Shortly before that, in 1925, the brand adopted the five-pointed crown, which has been its logo ever since and is recognized worldwide.

The logo has come to symbolize not only the luxury and sophistication of the brand, but also the fact that 5 minutes elapse between one number and the next on the watch's display, which is reflected in the five points of the crown.

In addition, the crown epitomized the fact that the company has always been the first to innovate in the production of luxury watches. This was confirmed in 1931 with the launch of the Oyster Perpetual, which was the first wristwatch to feature an automatic winding system. It guaranteed that the watch would run until the end of its life.

In the following years, Rolex models appeared on the wrists of athletes, explorers and adventurers such as Jacques Piccard and Edmund Hillary, who climbed Mount Everest. This confirmed the longevity and durability of the watches that remained intact after their ascents.

And the durability of the watches was so great that even the pilots of the British Royal Air Force (RAF) during World War II refused the watches offered by the government and started wearing Rolex models.
And this conflict was extremely important for the brand's prominence.

Firstly, because British soldiers who returned home after being captured and confiscated watches from the enemy received a new watch as a gift from the company, which elevated the Rolex name on the world market.

An important factor was that during the conflict, American soldiers encountered British soldiers wearing Rolex watches on their wrists and marveled at their quality and durability. So much so that some of them decided to buy Oyster Perpetual watches and take them back to the US with them. This is how Rolex began to make a name for itself in the American market, which is now one of its main customers.

In the years that followed, Rolex continued to grow and became more and more popular in the global luxury market. So much so that it managed to maintain its influence even after the crisis that hit many traditional Swiss watch companies starting in the 40s.

Because of the crisis, several Swiss watch companies sold their businesses to conglomerates of international investors, but Hans Wilsdorf, going virtually against all and sundry, declared that Rolex, unlike its competitors, would never be sold. And so he transferred ownership of the company to a foundation in his name, which still exists today.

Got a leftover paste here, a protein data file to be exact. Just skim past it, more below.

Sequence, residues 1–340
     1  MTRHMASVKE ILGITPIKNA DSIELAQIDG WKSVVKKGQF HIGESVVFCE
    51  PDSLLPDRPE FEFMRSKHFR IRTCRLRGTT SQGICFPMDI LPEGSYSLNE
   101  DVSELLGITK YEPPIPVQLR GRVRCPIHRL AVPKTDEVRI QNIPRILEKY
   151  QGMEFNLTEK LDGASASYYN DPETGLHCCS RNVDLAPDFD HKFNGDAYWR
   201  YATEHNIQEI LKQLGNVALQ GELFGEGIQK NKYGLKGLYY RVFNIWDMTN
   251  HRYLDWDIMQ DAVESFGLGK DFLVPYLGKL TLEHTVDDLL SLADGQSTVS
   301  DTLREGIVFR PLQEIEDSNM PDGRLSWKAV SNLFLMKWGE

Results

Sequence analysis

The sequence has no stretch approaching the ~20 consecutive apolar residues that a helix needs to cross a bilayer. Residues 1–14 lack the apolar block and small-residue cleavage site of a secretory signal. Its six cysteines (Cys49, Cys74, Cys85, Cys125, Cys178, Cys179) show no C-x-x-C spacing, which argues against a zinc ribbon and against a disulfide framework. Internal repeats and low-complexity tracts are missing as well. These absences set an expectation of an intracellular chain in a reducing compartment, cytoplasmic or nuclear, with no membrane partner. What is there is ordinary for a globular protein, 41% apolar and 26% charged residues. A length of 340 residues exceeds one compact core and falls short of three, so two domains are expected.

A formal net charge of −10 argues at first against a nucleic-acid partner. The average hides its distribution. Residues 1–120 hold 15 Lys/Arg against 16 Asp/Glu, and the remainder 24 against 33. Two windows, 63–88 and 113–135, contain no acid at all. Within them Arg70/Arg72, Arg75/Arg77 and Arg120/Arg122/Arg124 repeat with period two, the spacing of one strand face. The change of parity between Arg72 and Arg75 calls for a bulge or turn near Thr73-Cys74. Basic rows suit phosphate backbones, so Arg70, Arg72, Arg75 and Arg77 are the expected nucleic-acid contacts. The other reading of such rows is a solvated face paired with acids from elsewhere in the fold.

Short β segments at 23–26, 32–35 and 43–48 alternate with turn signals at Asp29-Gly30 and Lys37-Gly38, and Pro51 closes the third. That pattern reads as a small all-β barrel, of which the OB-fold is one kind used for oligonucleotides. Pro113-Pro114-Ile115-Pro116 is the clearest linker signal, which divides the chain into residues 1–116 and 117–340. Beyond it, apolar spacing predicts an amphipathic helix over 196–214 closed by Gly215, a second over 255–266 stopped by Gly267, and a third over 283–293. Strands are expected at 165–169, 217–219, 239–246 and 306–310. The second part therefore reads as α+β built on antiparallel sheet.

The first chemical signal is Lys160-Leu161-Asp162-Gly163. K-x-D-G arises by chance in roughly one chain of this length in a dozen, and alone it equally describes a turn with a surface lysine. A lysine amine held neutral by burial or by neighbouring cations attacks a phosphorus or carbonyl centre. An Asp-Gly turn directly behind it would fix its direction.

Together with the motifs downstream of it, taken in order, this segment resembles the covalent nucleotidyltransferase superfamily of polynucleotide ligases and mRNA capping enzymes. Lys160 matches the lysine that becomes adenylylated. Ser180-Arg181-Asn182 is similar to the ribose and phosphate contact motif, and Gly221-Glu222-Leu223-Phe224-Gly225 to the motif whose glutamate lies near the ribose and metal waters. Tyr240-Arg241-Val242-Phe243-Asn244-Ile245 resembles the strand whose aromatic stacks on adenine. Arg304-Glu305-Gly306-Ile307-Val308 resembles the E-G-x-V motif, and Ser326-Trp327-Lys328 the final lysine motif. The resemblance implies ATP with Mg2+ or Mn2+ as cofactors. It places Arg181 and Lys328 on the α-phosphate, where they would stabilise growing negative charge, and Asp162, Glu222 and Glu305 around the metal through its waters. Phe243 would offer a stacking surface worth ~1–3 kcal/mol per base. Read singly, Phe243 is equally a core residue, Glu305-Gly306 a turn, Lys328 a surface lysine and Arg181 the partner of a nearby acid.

Hans Wilsdorf died on July 6, 1960. After his death, the company continued to work in the same way and with the same spirit, always guaranteeing maximum quality.

Since then, various models have been produced for both men and women, with different colors and functions.

The watches are produced by more than 200 employees who undergo a rigorous assembly and certification process at the company's Geneva-based factories.

Initially, Rolex purchased parts from various local manufacturers, but over the years the company has acquired its own suppliers and thus controls the entire assembly process of its models, the so-called In House assembly model.

During the assembly process, each model is thoroughly tested to ensure the highest quality models are delivered to the market.

Due to the stringent production requirements, only 800,000 units are produced each year. And the high price is also a reflection of the high cost of raw materials, highly specialized labor and the above process.

In addition, the company invests heavily in safety mechanisms to ensure that the models are industrially owned, and to guarantee the safe delivery of the models to the company's stores and resellers.

As well as partner retailers, Rolex now has its own stores in several countries and even in Brazil, in São Paulo. All of them reflect the ultimate in luxury and sophistication that is characteristic of the brand.

At the same time, the company continues to invest heavily in promoting its models through what it calls Rolex ambassadors, including yachtsmen, equestrians, pilots, golfers, tennis players, with Swiss tennis player Roger Federer being one of the top names.

At the same time, the company sponsors competitions in various luxury sports, including Formula 1, as well as various yacht clubs around the world.

At the same time, the company has an annual turnover of more than $5 billion and is represented in more than 100 countries through a network of more than 4,000 authorized retailers.

Currently, the brand's catalog includes 15 models, but in total more than 170 different models have been sold, which can still be found on the parallel market and in some jewelry stores reselling watches that are the object of worship and admiration of millions of people.

And thanks to all these achievements, Rolex is one of the most revered brands in the world.